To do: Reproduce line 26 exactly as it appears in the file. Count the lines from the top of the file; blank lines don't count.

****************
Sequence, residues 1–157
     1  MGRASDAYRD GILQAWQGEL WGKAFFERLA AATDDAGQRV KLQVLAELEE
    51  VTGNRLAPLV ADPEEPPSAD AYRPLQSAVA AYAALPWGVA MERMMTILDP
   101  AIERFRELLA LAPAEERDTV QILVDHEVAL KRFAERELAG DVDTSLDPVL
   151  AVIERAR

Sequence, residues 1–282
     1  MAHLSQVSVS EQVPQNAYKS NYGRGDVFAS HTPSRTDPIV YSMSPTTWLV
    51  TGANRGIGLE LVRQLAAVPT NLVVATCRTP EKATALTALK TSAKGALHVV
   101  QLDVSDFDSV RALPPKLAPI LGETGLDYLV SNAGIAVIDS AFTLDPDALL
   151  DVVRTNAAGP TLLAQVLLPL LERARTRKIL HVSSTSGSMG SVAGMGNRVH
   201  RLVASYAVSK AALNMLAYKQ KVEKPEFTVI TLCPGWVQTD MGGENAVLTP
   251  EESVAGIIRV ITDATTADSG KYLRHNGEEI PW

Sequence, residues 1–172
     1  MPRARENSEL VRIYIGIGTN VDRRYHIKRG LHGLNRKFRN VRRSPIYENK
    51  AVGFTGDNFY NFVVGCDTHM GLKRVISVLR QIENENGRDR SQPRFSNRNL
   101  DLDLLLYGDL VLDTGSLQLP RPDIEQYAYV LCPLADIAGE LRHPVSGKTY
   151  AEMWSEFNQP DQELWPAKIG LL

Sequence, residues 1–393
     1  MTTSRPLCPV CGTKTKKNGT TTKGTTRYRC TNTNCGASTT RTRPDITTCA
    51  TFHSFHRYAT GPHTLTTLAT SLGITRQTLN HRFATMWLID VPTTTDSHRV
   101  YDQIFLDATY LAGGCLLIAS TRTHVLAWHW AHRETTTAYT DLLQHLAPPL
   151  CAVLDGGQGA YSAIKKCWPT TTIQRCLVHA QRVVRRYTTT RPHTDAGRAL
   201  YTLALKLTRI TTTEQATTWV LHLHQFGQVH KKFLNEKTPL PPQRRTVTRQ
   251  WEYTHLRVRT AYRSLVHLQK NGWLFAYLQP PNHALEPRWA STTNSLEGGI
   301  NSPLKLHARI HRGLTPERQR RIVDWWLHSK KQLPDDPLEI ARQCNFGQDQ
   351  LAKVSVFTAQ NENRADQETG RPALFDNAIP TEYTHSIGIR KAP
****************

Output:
   351  LAKVSVFTAQ NENRADQETG RPALFDNAIP TEYTHSIGIR KAP